State Water Resources Research Institute Program

Project Id: 2010IN219B
Title: Local and Regional Assessment of Biofuel Production Facilities Impacts on Freshwater Quality in Indiana
Project Type: Research
Start Date: 3/01/2010
End Date: 2/28/2011
Congressional District: 4
Focus Categories: Models, Water Quality, Water Quantity
Keywords: water quality, remote sensing, sediment transport, Wabash River
Principal Investigators: Rao, Suresh
Federal Funds: $ 10,000
Non-Federal Matching Funds: $ 31,623
Abstract: The annual bioethanol production capacity in the US has increased rapidly, reaching 55 billion liters as of January 2009, with Indiana being among the leading states contributing to this trend. However, several studies have warned that the corn-ethanol production increases may further compromise water quality and compete for freshwater allocations with other sectors (e.g., urban, municipal, industrial). Although several studies have examined water requirements for biomass production, most of those are focused either on global/national scale or solely biomass cultivation stage. Therefore, this study aims to investigate local- and regional-scale impacts of freshwater use and wastewater discharges, especially from biofuel conversion processes in Indiana by examining recent trends, and projecting future scenarios. Blue water availability, which is diverted from precipitation to form surface water, will be estimated at the watershed scale (TELM, Threshold Exceedance Lagrangian Model) and at the basin level (Budyko model) along with an examination of the factors which impact the water availability. Water Poverty Index will be also used to identify the areas of the greatest water scarcity in Indiana, thereby enabling prioritization of biofuel production facility expansion options. In addition, the impacts of biofuel production on water quality, including fertilizer and pesticide runoff from biomass farming stage and wastewater discharge from a biofuel conversion process, will be investigated (e.g., nutrient and contaminant loads). Contaminant profiles of wastewater from the different biomass conversion processes will be identified and then the spatial scales over which water-quality impairments are to be expected will be estimated. Combined with decreased freshwater availability, degraded surface water quality will further reduce the availability of water for biofuel production and other uses. Local and state governments and water management authorities need decision tools in making choices for allocation among various competing freshwater users, as a component of sustainable water resources management.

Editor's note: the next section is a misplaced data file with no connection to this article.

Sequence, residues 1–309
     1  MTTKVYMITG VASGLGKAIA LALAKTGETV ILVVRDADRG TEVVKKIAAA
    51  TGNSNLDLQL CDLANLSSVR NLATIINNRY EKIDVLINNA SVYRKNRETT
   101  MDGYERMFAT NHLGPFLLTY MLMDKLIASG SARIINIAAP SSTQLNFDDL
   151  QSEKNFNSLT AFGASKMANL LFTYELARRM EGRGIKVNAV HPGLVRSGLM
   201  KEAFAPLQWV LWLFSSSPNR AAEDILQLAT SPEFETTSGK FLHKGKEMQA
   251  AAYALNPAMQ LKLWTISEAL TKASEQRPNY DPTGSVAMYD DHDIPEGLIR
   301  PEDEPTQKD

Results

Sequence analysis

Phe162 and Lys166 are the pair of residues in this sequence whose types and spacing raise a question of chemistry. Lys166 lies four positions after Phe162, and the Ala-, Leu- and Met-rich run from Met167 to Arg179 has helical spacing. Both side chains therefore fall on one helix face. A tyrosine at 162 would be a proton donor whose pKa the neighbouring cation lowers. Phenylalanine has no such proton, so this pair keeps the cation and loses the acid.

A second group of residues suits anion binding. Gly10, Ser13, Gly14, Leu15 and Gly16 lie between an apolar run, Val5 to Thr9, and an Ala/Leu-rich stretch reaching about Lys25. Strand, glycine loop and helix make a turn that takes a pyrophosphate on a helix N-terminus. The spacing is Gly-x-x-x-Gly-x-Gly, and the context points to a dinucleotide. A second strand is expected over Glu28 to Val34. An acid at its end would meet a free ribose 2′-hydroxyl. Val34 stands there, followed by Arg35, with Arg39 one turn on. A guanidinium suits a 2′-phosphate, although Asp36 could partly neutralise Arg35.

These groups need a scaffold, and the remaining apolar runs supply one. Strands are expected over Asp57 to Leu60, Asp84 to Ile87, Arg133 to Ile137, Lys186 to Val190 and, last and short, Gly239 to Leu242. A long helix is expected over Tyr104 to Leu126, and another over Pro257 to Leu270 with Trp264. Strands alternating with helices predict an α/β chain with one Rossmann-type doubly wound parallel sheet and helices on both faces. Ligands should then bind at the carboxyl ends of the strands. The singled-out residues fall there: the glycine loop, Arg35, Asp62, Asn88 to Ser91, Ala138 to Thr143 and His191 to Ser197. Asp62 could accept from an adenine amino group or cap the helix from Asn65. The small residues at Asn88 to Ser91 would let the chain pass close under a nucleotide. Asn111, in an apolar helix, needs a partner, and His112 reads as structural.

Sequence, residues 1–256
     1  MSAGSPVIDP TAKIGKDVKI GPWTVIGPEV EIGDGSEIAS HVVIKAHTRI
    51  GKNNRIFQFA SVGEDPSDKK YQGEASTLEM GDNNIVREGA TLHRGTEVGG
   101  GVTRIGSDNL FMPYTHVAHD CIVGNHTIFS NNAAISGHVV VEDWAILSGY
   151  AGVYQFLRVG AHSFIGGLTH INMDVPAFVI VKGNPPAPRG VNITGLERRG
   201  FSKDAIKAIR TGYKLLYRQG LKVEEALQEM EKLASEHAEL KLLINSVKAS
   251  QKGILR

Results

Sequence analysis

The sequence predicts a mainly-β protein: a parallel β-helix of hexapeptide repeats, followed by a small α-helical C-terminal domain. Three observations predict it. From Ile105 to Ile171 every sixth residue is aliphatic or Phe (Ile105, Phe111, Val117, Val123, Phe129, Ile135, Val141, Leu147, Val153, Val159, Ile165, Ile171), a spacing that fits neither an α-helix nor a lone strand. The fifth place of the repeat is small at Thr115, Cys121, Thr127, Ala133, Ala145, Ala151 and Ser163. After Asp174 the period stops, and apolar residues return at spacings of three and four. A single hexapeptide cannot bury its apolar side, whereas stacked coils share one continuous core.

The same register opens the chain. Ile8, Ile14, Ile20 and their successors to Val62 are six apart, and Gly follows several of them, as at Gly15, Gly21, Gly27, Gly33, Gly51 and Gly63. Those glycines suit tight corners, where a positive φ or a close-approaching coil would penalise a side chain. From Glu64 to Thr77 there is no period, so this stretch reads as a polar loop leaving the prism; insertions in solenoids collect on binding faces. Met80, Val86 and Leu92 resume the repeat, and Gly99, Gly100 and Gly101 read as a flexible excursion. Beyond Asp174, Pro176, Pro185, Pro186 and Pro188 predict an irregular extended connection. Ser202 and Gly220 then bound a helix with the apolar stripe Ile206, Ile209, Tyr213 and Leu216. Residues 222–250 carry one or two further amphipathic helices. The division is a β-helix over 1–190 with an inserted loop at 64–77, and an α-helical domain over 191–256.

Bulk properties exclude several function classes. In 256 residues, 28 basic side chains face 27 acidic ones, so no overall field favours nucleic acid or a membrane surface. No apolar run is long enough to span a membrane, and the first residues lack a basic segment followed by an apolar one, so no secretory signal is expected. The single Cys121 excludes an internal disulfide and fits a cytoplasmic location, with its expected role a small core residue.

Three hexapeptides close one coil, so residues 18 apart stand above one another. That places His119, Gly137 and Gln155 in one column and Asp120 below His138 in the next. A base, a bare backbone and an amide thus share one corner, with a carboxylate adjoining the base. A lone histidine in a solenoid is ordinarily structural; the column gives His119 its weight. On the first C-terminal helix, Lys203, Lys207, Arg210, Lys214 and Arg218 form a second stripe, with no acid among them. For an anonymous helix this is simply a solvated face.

Progress/Completion Report, 2010, PDF

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